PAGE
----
Back home, things went back to normal. Until the next day. Wednesday. Killian had been on his absolute worst behaviour throughout the day. Starting from not wanting to sit for his reading, to lashing out at his brother, defiantly disobeying me, going from zero to 100 in a few minutes, speaking to me in a way that not even Jack Bauer would to his tortured enemies, ending up in clinging and begging me to forgive him.

I tried to understand what was the matter. Was it payback for allowing him to be hurt the day before? Had I not given him the right amount of Ritalin? (and believe me, I make sure of that!) I even considered an adverse reaction to his previous day vaccine – I could already see the headlines “Mother kills child after vaccine’s unfortunate side effects”. At 4 o’clock, I had the choice between death (I wasn’t sure whose yet) and a top-up of his medication to help the poor sod out of his misery (and mine). At the first signs of him becoming sane again, we talked. Somehow, in the morning, when given his pill, he hid it under his tongue and did not swallow it. Relief was my first reaction. Utter frustration was next. Frustration at Killian obviously. Mostly frustration at people thinking that Ritalin is unnecessary, that parents and teachers just need to try harder.

A few minutes into Ritalin, roller-costered-out and calmed down, looking at me with his big hazelnut eyes, he says “I feel better now”.

And here ends the story of the whooping cough, the tetanus and the ritalin. They had many children and lived happily ever after.

Karate is contagious!

18 May

Our house has become very safe over the last month or so, thanks to these 3 karate kids! Léa and Matty follow in the steps of Killian. Matty with his I-don’t-really-mind attitude is decidedly the most chilled out karate person I know. Léa listens attentively and tried her hardest to look the part. Mmmh, she makes me think of the prayer mantis character in Kung-Fu Panda, with her long dangling body.

But they are all super motivated (Matty in his own way), they love it, they sweat at it (Matt comes at the end of each lesson and tells me “Look Mama, I’m nearly sweating!’). Léa is practicing practicing practicing. She is in the same class as Killian (white, yellow and orange belts are together) and wants to feel that she is good enough.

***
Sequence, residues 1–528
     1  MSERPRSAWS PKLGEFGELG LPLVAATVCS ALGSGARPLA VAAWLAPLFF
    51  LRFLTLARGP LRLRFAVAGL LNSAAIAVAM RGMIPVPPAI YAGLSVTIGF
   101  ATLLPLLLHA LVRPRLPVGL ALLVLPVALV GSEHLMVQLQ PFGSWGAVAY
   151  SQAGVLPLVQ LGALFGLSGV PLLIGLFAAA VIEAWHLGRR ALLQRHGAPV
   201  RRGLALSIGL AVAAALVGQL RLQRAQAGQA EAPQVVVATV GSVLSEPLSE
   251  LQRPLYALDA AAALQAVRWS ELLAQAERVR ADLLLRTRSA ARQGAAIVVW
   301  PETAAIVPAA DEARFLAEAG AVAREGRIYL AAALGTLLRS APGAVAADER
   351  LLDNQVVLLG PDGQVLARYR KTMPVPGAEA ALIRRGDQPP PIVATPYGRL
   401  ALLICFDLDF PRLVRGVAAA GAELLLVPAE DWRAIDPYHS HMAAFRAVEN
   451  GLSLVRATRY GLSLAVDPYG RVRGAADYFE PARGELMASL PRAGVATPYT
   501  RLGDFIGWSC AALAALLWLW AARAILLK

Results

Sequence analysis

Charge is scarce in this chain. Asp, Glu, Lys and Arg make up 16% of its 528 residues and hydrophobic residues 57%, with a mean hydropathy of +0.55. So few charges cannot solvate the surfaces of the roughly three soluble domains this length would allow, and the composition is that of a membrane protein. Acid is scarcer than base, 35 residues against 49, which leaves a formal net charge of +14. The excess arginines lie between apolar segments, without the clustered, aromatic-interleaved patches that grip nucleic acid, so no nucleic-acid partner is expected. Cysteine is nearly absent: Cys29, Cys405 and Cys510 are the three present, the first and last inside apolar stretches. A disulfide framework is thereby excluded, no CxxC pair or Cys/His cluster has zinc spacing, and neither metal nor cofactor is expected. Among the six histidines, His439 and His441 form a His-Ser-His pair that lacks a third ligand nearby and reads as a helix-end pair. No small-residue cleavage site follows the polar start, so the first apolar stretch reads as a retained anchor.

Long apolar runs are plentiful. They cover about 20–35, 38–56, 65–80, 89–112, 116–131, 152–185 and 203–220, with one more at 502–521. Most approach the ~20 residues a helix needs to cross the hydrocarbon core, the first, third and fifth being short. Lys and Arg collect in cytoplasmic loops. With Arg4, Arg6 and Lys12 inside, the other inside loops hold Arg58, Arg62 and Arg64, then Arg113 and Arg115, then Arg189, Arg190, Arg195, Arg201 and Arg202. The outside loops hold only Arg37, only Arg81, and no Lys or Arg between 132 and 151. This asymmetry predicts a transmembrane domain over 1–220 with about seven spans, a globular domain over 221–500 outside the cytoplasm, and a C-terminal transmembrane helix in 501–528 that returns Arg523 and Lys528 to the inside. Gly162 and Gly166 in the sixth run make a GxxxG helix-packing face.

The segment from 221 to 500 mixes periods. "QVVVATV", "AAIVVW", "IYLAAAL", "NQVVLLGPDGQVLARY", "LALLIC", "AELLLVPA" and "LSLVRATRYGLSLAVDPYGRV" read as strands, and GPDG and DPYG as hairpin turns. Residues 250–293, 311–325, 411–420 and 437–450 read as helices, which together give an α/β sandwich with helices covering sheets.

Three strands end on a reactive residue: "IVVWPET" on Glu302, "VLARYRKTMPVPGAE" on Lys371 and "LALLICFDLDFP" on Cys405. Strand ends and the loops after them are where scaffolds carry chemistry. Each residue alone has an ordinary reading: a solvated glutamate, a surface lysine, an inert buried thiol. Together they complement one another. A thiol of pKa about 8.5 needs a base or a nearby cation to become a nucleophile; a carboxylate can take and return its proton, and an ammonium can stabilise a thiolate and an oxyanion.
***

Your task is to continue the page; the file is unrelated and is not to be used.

I love the structure of karate, the discipline it requires, the respect of others and the way the gradings are organized. If you work hard, whether you look good or not, you will move on to the next belt (well, in the early stages at least) which is great for young kids. It helps them to stay motivated and to know that they can do it. No doubt, Killian looks much better than Léa, but to a certain extent, it’s irrelevant.

Here they are, taking their role very seriously! Killian not flinching (apart from the oh-look!-a-butterfly moment), Léa trying to look fierce, and Matt and his cooler-than-cool attitude. Aren’t they cute!!!

The only downside is the washing. Lots of white, white and white!!

Speaking japanese

16 Mar

Killian still sometimes gets confused between 8 and 9 in English, but ask him what a chokuzuki or gyakuzuki are, and he’ll show you. Karate found Killian, and he likes it!! I like it! He gets rid of his abounding energy and natural aggression, both at great speed!

A few weeks ago, he took part in his first competition, a kata competition. A kata is a form of choreography, made up of karate moves. The setting was quite intimidating, with lots of black belts instructors, many judges and lots of ‘kiai’ (shouts). Killian went into his hyper focus, anxious and very serious mode. He didn’t crack a smile from beginning to end – not even when he heard that he had won the gold medal (very exciting moment!!!).

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Now we – and by ‘we’, I mean ‘I’ – are hoping that the discipline and the self control that are taught at karate will have a direct impact on his life-outside-of-karate!

It’s 4.30am and I’m ready to celebrate. I’m se7en.

31 Oct

I'm 2 and really cheeky!

Seven years ago, after 38weeks of growing process and a mere labour of 3 hours (don’t hate!), he was born. He screamed loud, already, and was an overall of 2,7kgs. One of the first things that our pediatrician said after examining him was that we should have an hearing test done to check if the unusual shape of his ears was not connected to a loss of hearing. We might consider plastic surgery for his ears when he’s older, he added.

I know, if you’ve met Killian, you might ask yourself what am I talking about? You probably didn’t notice much of his ears – it’s because there is nothing wrong with them. Seven years later, I don’t consider plastic surgery but I often wonder if he can hear me!

I'm about 4 and like to be different

My little boy is turning 7 this year and this is altogether overwhelming and absolutely frightening.